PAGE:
Main Street Journal
February 21, 2012
Perennial candidate Carol Chumney is allegedly running for District Attorney General this year, but most Shelby County voters would be hard-pressed to identify her reasons for running, much less conjure an argument explaining why she’s up to the job.
This election cycle, voters have heard little if anything from Chumney, a former state representative and city council member with a string of failed campaigns for mayor (of Shelby County in 2002, and of Memphis in 2007 and 2009).
As Jackson Baker reported in the Memphis Flyer, “one of the first opportunities for voters to see candidates for these offices en masse occurred last week in a ‘Meet the Candidates’ forum at the Benjamin L. Hooks Central Library. Incumbent district attorney Amy Weirich, a Republican, was on hand, but her Democratic opponent, Carol Chumney, was absent.”
Leaving a comment on the Commercial Appeal‘s report (“Candidates tout qualifications and integrity at forum,” Feb. 7, 2012), event host Dr. Yvonne Nelson wrote, “I think several additional candidates could have shown up, but they didn’t and to me, that in itself says something about what they feel about the public they say they want to serve.”
It seems Chumney also won’t appear at a candidate forum that was scheduled by the League of Women Voters but has now been removed from their website. A spokesman for the Weirich campaign said they were told the event had been canceled because Chumney wouldn’t be available.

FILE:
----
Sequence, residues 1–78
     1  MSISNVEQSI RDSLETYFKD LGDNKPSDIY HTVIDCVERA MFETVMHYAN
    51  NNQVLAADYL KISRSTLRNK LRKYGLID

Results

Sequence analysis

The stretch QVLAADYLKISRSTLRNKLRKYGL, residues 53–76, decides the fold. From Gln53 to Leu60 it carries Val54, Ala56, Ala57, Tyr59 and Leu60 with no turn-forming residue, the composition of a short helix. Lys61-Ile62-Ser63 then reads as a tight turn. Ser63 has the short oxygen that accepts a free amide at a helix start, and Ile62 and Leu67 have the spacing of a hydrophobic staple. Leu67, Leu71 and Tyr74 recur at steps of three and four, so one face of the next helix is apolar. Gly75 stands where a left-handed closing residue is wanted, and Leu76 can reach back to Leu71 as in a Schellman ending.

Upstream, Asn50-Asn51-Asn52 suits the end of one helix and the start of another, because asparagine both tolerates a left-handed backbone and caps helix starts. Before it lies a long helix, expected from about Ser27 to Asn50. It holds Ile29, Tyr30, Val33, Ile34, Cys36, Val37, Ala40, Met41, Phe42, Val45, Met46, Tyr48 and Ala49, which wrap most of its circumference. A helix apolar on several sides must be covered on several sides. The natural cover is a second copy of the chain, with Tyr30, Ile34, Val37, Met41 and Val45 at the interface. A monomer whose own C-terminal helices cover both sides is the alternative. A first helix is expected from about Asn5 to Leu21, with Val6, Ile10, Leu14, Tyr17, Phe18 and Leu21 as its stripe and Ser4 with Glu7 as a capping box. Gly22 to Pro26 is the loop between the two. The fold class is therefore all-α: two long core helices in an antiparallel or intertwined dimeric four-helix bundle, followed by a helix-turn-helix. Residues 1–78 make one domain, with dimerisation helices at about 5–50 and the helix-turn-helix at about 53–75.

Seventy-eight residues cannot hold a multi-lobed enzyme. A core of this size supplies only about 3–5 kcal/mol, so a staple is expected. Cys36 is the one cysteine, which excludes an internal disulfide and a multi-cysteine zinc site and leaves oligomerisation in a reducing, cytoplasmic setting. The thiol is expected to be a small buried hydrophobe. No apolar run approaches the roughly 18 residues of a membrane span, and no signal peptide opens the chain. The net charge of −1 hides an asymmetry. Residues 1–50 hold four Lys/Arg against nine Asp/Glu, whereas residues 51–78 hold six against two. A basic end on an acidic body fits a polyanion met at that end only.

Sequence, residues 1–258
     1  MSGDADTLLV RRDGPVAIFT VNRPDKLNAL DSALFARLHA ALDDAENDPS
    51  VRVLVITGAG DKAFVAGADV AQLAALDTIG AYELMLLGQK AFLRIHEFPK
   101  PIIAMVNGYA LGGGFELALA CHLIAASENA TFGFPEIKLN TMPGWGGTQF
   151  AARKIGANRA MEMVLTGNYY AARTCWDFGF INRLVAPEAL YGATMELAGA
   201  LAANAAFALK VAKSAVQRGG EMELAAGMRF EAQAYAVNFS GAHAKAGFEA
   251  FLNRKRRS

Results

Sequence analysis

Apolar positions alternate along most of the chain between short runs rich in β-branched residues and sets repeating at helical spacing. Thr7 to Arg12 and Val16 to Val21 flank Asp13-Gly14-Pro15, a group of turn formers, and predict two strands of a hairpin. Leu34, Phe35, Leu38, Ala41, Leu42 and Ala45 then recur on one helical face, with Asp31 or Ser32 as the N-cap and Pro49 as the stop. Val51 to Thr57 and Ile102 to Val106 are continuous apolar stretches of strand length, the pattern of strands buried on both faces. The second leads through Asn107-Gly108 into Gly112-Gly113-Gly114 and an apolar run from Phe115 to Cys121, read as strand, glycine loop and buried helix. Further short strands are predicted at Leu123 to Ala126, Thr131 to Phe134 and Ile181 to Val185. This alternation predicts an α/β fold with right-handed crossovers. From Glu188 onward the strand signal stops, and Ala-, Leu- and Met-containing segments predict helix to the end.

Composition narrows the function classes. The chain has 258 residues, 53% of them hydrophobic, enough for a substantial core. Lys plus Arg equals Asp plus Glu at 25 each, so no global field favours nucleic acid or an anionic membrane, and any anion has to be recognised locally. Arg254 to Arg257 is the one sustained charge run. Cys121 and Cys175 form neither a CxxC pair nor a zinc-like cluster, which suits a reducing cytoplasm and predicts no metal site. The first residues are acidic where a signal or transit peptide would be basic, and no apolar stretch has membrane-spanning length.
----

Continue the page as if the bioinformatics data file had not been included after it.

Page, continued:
Unfortunately, voters won’t be able to fill in the blanks with a quick web search, either. Beyond a few media hits she earned by filing her papers in December, Chumney’s online presence consists mainly of abandoned social media accounts for previous campaigns and a few glowing reviews by her blogger friend, LeftWingCracker.
There is a “Carol Chumney for Shelby County District Attorney” page on Facebook, which has to date offered exactly one link and attracted exactly one “like.”
Even the Commercial Appeal has had difficulty obtaining information from the Chumney campaign. In a profile on the race, reporter Michael Lollar wrote that “Chumney did not return telephone calls to her and to the Shelby County Democratic Party.” Chumney was unavailable for a telephone interview and did not complete a bio request, but the paper was able to quote from a prepared statement sent via e-mail.
Chumney’s most recent campaign financial disclosure statement provides additional warning signs. A statement filed January 16 with the Election Commission shows Chumney still owes $85,947 for a loan she made to herself in her 2002 race for Shelby County Mayor. She reported no donations for last year.
Weirich, on the other hand, has been making presentations and connections throughout Shelby County since assuming office in January 2011, when she was sworn in by Governor Haslam.
The Weirich campaign’s website lists about a half dozen appearances this month alone. Her effort has resulted in hundreds of followers on Facebook, a list of endorsements several pages long, and a sizeable campaign warchest.
The contrast looks even worse for Chumney when you factor in Weirich’s year of experience in the office, nearly two decades of distinguished service as a deputy attorney general, division leader and prosecutor, and the universal recognition she has earned as an accomplished public servant.
The full story behind Chumney’s absence remains to be heard, but in the meantime voters will be asking why they should even consider supporting a challenge from a no-show candidate.